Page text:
New perspective on tropical cyclone size-intensity relationship
Considering numerous variables, tropical cyclones are rarely alike. While tropical cyclones are rated for their wind speed, it is important to consider the relationship between the storm's size and overall intensity.
A research group led by Prof. Chen Guanghua from the Institute of Atmospheric Physics of the Chinese Academy of Sciences has provided a new perspective of the tropical cyclone size-intensity relationship, which highlights the physical mechanisms underlying coordinated changes within tropical cyclones.
Their findings were published in Advances in Atmospheric Sciences.
Size and intensity metrics are critical to depict tropical cyclone wind field structure at low levels. Likewise, they are important for operational meteorologists to issue wind destruction warnings. However, the relationship between size and intensity remains complicated. Observed size differences between two tropical cyclones with the same intensity can vary hundreds to thousands of kilometers. And a single tropical cyclone may also exhibit significant size differences at its distinct life stages.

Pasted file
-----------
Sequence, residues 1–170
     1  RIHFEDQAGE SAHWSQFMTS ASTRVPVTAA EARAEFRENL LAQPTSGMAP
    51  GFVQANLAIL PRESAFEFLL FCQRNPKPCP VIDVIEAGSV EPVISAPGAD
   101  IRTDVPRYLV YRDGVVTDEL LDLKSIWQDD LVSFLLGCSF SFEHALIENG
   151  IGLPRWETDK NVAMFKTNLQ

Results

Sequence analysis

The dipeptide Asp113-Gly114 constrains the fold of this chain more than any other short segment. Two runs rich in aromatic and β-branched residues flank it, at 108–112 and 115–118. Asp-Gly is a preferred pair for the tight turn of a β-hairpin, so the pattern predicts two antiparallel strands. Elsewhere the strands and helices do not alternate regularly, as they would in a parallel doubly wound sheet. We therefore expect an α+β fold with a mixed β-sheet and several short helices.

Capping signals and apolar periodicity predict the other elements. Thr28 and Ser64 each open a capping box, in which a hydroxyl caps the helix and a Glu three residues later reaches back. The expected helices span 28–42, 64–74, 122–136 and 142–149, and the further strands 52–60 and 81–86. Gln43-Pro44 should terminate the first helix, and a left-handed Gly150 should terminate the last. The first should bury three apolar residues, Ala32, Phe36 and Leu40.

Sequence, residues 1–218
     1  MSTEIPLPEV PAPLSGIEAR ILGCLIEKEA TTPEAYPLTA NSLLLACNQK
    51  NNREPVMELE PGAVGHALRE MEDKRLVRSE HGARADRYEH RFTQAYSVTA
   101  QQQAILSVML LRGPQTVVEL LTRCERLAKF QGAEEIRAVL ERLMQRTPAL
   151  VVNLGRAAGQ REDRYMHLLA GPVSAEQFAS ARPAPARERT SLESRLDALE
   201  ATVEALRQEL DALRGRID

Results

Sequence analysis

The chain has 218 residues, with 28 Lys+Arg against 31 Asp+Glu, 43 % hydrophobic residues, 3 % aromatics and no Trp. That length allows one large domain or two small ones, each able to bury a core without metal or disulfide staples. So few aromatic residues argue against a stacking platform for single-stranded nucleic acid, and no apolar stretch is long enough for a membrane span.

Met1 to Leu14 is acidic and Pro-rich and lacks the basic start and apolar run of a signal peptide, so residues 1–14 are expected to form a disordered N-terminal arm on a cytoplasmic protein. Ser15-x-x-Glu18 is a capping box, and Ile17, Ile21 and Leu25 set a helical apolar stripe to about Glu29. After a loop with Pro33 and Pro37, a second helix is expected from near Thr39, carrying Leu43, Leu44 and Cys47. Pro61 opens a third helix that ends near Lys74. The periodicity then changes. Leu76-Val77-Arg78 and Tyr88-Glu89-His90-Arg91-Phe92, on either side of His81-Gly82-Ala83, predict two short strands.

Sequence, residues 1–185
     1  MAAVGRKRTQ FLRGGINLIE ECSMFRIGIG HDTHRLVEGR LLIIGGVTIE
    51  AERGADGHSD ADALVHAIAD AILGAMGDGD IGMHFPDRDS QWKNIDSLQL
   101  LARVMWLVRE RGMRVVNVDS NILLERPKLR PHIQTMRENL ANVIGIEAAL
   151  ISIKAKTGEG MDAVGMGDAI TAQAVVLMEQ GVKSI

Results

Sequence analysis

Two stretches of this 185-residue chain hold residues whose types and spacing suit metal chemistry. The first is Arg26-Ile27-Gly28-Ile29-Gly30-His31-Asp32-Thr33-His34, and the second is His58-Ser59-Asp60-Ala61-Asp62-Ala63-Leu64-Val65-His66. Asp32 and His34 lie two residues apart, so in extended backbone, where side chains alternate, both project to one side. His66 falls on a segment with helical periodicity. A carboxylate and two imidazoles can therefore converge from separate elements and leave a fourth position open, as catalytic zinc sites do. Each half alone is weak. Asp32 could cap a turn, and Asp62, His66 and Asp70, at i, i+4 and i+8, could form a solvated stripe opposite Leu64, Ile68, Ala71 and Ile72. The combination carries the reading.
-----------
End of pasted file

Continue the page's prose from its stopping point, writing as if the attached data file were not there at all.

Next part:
Previous studies showed that the traditional large-sample analysis mixing up all tropical cyclone records concluded a weak correlation between size and intensity, which might obscure these variables' intrinsic relationship.
To investigate what causes the various intensity-relative expansions during the tropical cyclone development stage, Chen's team analyzed the tropical cyclone best track dataset from the Joint Typhoon Warning Center. They classified the selected tropical cyclones into two groups with different degrees of size expansion relative to the same intensity increment.
"Size expansion with intensity indicates a strong positive correlation during the early development," said Chen. "The difference in the size expansion relative to the same intensity increment among tropical cyclones is a root reason for the overall weak correlation."
By comparing the differences between these two tropical cyclone groups, the researchers found that latitude and environmental vertical wind shear are the two primary factors responsible for variation in the size-intensity relationship.
"The changes in the wind field of tropical cyclones at low levels are attributed to the advection of absolute angular momentum," said Chen. "The angular momentum budget analysis suggests that higher latitude and stronger vertical wind shear are conducive to importing planetary and relative angular momentum, therefore augmenting the size expansion when tropical cyclones intensify."